SHARP-SHINNED HAWK (Accipiter striatus) – One of these small Accipiters circled over us at the Santa Cruz Flats; another played peek-a-boo along the Anza Trail near Tubac.
COOPER'S HAWK (Accipiter cooperii) – Common in desert lowlands; we saw these on most days.
BALD EAGLE (Haliaeetus leucocephalus) – At least two of these huge raptors circled with vultures near Buckeye on our second day.
HARRIS'S HAWK (Parabuteo unicinctus) – During our lovebird stop at Encanto Park in Phoenix, one of these handsome hawks was perched atop a pole along the driving range. We even got to hear its harsh, raspy calls.
RED-TAILED HAWK (Buteo jamaicensis) – Common and widespread; we saw a mix of light and dark morph birds.
FERRUGINOUS HAWK (Buteo regalis) – Our first was perched on a utility t-bar near Buckeye. During our drive through the Sulphur Springs Valley, we found at least 10 more, including a handsome dark morph bird perched on an irrigator. These impressive hawks were a distinctive highlight of our raptor list.
Rallidae (Rails, Gallinules, and Coots)
SORA (Porzana carolina) – We had fantastic looks at an unwary bird along the mesquite trail at Patagonia Lake State Park; another was calling from the marshy edge of the golf course pond at Benson.
COMMON GALLINULE (Gallinula galeata) – One was sneaky and hard-to-spot in one of the smaller ponds at Whitewater Draw.
AMERICAN COOT (Fulica americana) – Common and widespread; we saw these every day.
Gruidae (Cranes)
SANDHILL CRANE (Grus canadensis) – One of the great delights of the Sulphur Springs Valley was seeing large flocks of cranes at Whitewater Draw and in nearby fields. We estimated 3500 in the large mass along the edge of the lake at Whitewater. Hearing their rattles and chortling calls carrying over the cold wind made this a truly memorable experience.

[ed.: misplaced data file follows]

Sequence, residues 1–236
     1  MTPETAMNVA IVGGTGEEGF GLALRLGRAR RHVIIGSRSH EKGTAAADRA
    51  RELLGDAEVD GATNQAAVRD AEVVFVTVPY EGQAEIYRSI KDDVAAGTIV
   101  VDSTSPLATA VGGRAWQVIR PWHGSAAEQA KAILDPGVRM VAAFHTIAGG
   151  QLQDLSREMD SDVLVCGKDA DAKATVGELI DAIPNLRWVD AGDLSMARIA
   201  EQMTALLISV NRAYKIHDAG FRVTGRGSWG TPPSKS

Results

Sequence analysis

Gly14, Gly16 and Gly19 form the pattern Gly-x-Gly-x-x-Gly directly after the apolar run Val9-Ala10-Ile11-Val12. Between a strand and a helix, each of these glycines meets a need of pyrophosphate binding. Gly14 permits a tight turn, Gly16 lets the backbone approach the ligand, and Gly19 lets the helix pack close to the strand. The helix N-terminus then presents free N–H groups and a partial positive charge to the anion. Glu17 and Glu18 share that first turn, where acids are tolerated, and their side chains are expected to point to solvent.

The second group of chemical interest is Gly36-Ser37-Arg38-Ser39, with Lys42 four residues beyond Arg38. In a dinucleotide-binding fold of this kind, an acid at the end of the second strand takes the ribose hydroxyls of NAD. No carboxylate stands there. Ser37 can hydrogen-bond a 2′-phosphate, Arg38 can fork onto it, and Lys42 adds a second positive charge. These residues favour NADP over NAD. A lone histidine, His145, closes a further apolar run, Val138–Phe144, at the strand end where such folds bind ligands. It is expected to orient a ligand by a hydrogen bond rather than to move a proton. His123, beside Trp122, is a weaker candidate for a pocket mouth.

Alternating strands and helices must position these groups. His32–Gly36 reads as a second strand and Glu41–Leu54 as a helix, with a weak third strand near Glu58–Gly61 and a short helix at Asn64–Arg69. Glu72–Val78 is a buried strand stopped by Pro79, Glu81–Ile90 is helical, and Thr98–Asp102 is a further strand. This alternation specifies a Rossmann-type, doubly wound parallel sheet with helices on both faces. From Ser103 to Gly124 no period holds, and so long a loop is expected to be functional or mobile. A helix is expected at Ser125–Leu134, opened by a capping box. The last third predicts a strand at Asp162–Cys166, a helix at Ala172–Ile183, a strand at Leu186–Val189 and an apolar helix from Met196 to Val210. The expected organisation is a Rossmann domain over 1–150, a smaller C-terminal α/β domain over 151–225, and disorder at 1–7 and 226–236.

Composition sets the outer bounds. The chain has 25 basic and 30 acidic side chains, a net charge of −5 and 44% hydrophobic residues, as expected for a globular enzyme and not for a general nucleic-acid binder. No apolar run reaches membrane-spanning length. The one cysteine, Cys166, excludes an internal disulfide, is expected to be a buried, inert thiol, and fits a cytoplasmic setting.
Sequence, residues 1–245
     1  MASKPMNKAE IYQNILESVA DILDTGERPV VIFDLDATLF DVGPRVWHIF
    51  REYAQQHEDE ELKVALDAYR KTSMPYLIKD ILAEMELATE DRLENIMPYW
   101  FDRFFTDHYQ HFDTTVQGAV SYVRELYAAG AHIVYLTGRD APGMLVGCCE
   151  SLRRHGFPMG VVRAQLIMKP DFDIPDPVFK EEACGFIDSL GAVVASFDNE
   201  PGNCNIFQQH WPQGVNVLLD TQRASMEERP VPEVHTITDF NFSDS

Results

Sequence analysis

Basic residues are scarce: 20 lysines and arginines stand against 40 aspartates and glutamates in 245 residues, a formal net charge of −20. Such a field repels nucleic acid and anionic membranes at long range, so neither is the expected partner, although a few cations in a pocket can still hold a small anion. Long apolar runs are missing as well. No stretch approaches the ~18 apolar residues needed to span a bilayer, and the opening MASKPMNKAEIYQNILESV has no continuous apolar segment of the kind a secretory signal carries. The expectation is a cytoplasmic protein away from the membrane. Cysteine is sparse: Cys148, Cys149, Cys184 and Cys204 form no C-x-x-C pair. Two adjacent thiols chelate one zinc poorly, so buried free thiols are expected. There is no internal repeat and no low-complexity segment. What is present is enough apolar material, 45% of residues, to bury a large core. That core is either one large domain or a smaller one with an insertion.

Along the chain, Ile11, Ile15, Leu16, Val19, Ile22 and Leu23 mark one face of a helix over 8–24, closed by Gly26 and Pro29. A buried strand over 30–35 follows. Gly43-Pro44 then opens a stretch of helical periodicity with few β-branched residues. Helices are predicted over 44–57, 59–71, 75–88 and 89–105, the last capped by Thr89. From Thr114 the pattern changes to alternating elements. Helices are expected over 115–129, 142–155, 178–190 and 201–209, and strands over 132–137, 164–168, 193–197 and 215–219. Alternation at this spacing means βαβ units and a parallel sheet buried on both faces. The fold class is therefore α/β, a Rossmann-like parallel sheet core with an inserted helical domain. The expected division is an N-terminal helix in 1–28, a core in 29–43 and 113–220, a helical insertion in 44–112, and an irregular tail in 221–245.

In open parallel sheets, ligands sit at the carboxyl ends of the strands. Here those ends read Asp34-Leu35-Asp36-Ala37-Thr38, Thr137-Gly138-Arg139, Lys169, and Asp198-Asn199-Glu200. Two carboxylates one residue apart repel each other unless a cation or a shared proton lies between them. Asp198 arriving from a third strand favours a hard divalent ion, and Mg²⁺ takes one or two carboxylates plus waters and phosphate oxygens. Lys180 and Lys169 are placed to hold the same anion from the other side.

Recurvirostridae (Stilts and Avocets)
BLACK-NECKED STILT (Himantopus mexicanus) – These gangly shorebirds were at Gilbert Water Ranch and in a flooded field in the northern part of the Santa Cruz Flats.
Charadriidae (Plovers and Lapwings)
KILLDEER (Charadrius vociferus) – Common and widespread; we saw these every day of the tour.
MOUNTAIN PLOVER (Charadrius montanus) – A flock of 78 made our day at a sod farm in the Santa Cruz Flats. When we pulled onto a side road for scope views, several of the birds ran over to the close edge of the fields, making for some splendid views.
Scolopacidae (Sandpipers and Allies)
SPOTTED SANDPIPER (Actitis macularius)
GREATER YELLOWLEGS (Tringa melanoleuca)

This Gilded Flicker gave us a close flyby, showing off its yellow flight feathers, warm cap, and gray face (helping to separate it from a "Yellow-shafted" Northern Flicker). Photo by guide Tom Johnson.

LONG-BILLED CURLEW (Numenius americanus) – A large flock of 136 were feeding with yellowlegs and other shorebirds in a recently flooded field near Buckeye.
LEAST SANDPIPER (Calidris minutilla) – Arizona's common winter peep.
LONG-BILLED DOWITCHER (Limnodromus scolopaceus) – These chunky, gray dowitchers were at the Gilbert Water Ranch and in flooded fields near Buckeye and in the Santa Cruz Flats.
WILSON'S SNIPE (Gallinago delicata) – We found these in several spots; perhaps our best views were at the Long-billed Curlew field near Buckeye.
Laridae (Gulls, Terns, and Skimmers)
RING-BILLED GULL (Larus delawarensis)
Columbidae (Pigeons and Doves)
ROCK PIGEON (Columba livia) [I]
EURASIAN COLLARED-DOVE (Streptopelia decaocto) – Everywhere, especially around people. This bird has taken over southern Arizona in the last fifteen years. [I]